South Koreans so far have welcomed the most immediate result of those rapid diplomatic developments: a Winter Olympics free of threat from the North. But many here — particularly in younger generations — are also deeply skeptical of the broader inter-Korean effort, wary of North Korea’s intentions and concerned about the whopping economic burden that would come with unification.
That’s led to a different kind of fraught moment on the peninsula — one in which the South is again cooperating with the government in Pyongyang even as its people are less certain than ever about the path they want. In interviews at Olympic venues over the last several days, Koreans say they have been mesmerized by the diplomatic spectacle — particularly the visit of Kim Jong Un’s sister, Kim Yo Jong — but some suggested that the South’s welcoming stance was unearned or overdone.
“It was a strange feeling seeing North Koreans in South Korean territory,” said Shin Hye-mi, 36, near a snowboarding venue. “At some points, I thought we were doing too much for them.”
“We don’t need unification with North Korea, so I hope we don’t try to make it happen,” said Chung Seok-ho, 39. “We have too much to lose from unifying with North Korea, and so many things are on the line. It’ll be much better for us to just be two separate systems existing side by side.”
Moon himself remains popular in South Korea, though, and young people say they are willing to put some faith in a leader who came into office last year after months of street protests against his predecessor, Park Geun-hye.
Photos of Kim Yo Jong, sister of North Korean leader Kim Jong Un, attending the Winter Olympics in South Korea
“I support President Moon, and I believe he’s doing a great job,” said Joo Sang-ha, 34, from Seoul. “Kim Jong Un’s summit proposal signifies that he is acknowledging President Moon as his counterpart, unlike he did with previous administrations. So it’s a good sign for better relations with North Korea.”
During these Olympics, the two Koreas have been cooperating like no time in the last decade. First, they agreed to field a unified women’s hockey team and march together during the Opening Ceremonies under a unified flag — a light blue silhouette of the peninsula. Then, last weekend, Kim Yo Jong became a constant and smiling presence on South Korean television — spotted attending a hockey game, going to the South’s presidential palace, signing a Blue House guest book wishing for prosperity and unification.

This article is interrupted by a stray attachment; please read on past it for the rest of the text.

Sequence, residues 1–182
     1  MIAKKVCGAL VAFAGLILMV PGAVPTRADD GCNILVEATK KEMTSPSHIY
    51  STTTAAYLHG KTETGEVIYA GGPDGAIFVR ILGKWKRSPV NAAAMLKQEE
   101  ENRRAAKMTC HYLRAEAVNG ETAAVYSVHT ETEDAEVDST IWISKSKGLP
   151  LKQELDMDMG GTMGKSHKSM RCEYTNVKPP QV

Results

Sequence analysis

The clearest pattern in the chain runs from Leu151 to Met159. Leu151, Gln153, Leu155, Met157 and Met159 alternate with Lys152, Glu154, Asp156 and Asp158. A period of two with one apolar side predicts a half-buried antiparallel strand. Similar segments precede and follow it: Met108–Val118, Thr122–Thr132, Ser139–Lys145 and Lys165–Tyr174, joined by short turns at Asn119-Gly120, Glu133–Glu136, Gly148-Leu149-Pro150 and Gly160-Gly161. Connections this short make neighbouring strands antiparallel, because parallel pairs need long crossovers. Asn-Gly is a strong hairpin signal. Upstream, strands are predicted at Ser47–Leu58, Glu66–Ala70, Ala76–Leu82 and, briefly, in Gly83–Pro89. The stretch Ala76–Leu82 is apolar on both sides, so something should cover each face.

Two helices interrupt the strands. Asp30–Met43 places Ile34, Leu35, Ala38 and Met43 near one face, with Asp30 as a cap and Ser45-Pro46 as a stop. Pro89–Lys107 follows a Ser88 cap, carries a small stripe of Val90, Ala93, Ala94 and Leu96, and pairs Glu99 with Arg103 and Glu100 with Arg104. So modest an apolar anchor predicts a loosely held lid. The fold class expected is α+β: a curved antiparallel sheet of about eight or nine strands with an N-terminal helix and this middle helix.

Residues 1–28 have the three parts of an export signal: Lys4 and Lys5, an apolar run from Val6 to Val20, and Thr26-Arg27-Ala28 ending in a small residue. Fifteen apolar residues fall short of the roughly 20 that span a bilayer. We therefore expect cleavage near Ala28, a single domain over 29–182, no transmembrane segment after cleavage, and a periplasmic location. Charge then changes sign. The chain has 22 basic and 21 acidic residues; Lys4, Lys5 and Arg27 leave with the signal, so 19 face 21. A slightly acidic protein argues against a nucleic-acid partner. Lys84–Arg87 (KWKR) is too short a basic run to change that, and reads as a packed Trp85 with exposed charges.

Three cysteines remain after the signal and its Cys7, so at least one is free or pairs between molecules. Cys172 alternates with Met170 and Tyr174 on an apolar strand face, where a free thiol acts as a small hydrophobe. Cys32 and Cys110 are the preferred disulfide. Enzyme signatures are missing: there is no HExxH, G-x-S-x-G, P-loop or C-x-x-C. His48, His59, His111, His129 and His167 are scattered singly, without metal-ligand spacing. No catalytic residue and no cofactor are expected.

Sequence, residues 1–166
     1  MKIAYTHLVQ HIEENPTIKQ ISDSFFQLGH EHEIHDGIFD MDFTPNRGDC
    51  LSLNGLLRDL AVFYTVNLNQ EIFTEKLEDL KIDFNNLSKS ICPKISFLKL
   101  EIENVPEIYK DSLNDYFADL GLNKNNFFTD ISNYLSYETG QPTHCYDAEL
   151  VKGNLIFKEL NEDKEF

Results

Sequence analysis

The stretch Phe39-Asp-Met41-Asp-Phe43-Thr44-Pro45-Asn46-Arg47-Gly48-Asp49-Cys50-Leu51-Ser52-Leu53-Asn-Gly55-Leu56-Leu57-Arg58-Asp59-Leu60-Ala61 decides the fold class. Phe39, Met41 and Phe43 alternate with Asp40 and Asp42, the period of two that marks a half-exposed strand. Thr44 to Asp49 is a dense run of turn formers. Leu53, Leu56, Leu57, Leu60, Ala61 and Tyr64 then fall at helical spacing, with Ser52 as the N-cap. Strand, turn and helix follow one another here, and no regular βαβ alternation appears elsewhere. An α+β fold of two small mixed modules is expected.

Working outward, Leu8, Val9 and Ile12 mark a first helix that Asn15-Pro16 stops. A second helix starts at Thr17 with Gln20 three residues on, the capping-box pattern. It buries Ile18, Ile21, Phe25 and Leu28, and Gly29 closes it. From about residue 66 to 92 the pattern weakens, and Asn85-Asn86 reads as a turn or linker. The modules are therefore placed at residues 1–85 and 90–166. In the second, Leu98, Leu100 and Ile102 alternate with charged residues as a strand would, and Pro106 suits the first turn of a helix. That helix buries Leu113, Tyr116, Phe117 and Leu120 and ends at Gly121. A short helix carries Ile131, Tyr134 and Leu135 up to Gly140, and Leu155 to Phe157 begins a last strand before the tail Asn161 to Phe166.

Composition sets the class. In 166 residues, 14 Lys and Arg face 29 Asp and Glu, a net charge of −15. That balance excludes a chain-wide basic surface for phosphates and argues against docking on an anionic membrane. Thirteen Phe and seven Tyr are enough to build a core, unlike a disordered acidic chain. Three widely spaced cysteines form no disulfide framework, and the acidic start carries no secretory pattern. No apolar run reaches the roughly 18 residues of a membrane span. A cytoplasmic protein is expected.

Skepticism about what has happened during these Olympics comes from the fear that North Korea is being opportunistic — grabbing the world’s attention without any intent to change its behavior.
“North Korea has always been talking peace but has been developing and provoking with its nuclear weapons and missiles,” said Jeong Min-ho, a 21-year-old college student attending the Olympics. “So I don’t see how the situation can take a positive turn after the Olympics.”
Moon, who took office last year, is a progressive who has advocated for closer ties with the North, nudging South Korea back toward what it once called the Sunshine Policy. During that period, roughly from 1998 to 2008, South Korean presidents held two summits with then-North Korean leader Kim Jong Il, all while giving the authoritarian country large shipments of aid. The hope was that warmer ties — and a growing economy — could prompt the North to scale down its weapons program. Instead, the North built up its nuclear stockpile and has tested six weapons since 2006.
Meanwhile, there has been a pronounced shift in attitudes in the South. Unlike their parents and grandparents, younger South Koreans don’t see unification as a clear national goal — despite a national education curriculum that presents it as such. Instead, they worry about what will happen to their own standards of living if the South is suddenly tethered to one of the world’s economic weaklings. By some estimates, unification could cost $1 trillion.
According to a December 2017 survey conducted by the Korea Institute for National Unification, a government-funded think tank in Seoul, 14 percent of South Koreans in their 20s said they wished for unification. That number rose to 63 percent for people in their 50s and 60s.
Still, for some, the incentives for closer ties run deep. Some South Koreans still have family members across the border. Others believe that shared Korean blood is reason enough to do away with the divisions. Still others talk about practical reasons: If North and South Korea unified peacefully, Asia’s greatest security problem would disappear.
“I think the North Korean visit here can be a very good chance for South Korea,” said Kwon Soonson, 43, a software programmer who was planning to watch moguls skiing. “Kim Jong Un sending his own sister to South Korea is a very rare occasion, so we should grab that chance. Until very recently, the U.S. and North Korea were literally on the verge of war. But now we are seeing quite a different setting.”
Especially during the last 10 years, under more conservative presidents, a near-impermeable seal has existed between the two Koreas. A train line designed to cross the Demilitarized Zone doesn’t run. South Koreans can’t send mail to the North or call.
“It’s great to have the North Korean officials here because otherwise, the whole Olympics could have been just about the dangers of being in South Korea,” said Kim Tae-woo, 34, who works at a forklift manufacturing company in Seoul. “I like the North Koreans coming to South Korea because it’s assurance of safety for now. Of course, everything can all go back to the tense times after the Games. We’ve had similar experiences with North Korea in the past. Even if it is temporary peace, it’s better than nothing.”